Asia's emergence as a key player in the global economy is witnessing intense competition within the region to become Asia's next great international financial centre (IFC). Hong Kong, Singapore and Shanghai, among others, are vying for primacy, attempting to attract dense clusters of financial services firms and reap the lucrative rewards associated with this. This paper explores this emerging competition. It does so from the perspective of attempting to map the parameters necessary to become an IFC, particularly the institutional, political and spatial contexts that facilitate the concentration of international financial services. Why and how financial clustering occurs and the factors that determine the location of financial centres is an important public policy concern, both for established centres eager to maintain their competitive position as well as emerging economies keen to identify the policy levers necessary to support financial sector growth. To that end, the paper explores the experiences and strategies of three of Asia's current contenders: Hong Kong, Shanghai and Singapore. It analyses the policy architecture, financial sector strategies, institutional mechanisms and spatial geographies undergirding financial sector growth, and the constraints, obstacles and challenges each face in developing and or consolidating their IFC. Copyright © 2011 Palgrave Macmillan, a division of Macmillan Publishers Ltd.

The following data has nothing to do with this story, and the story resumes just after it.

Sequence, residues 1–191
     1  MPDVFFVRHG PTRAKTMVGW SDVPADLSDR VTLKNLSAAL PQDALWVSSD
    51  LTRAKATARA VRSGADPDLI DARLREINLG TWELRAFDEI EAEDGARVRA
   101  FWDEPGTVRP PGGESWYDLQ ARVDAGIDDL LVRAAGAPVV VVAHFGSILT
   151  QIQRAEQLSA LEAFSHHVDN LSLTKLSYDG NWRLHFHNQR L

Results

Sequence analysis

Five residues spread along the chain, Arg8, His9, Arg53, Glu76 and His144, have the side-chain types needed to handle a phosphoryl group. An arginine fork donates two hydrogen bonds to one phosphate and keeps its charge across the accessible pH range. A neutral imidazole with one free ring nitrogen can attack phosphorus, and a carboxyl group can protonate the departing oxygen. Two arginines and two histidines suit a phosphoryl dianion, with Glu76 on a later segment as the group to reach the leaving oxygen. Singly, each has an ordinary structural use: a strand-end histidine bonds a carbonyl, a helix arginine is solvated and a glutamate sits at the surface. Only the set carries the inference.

|Journal||Journal of International Relations and Development|
|Publication status||Published - Jan 2011|
CitationJarvis, D. S. L. (2011). Race for the money: International financial centres in Asia. Journal of International Relations and Development, 14(1), 60-95. doi: 10.1057/jird.2010.19
- Financial clustering
- Financial sector depth
- Hong Kong
- International financial centres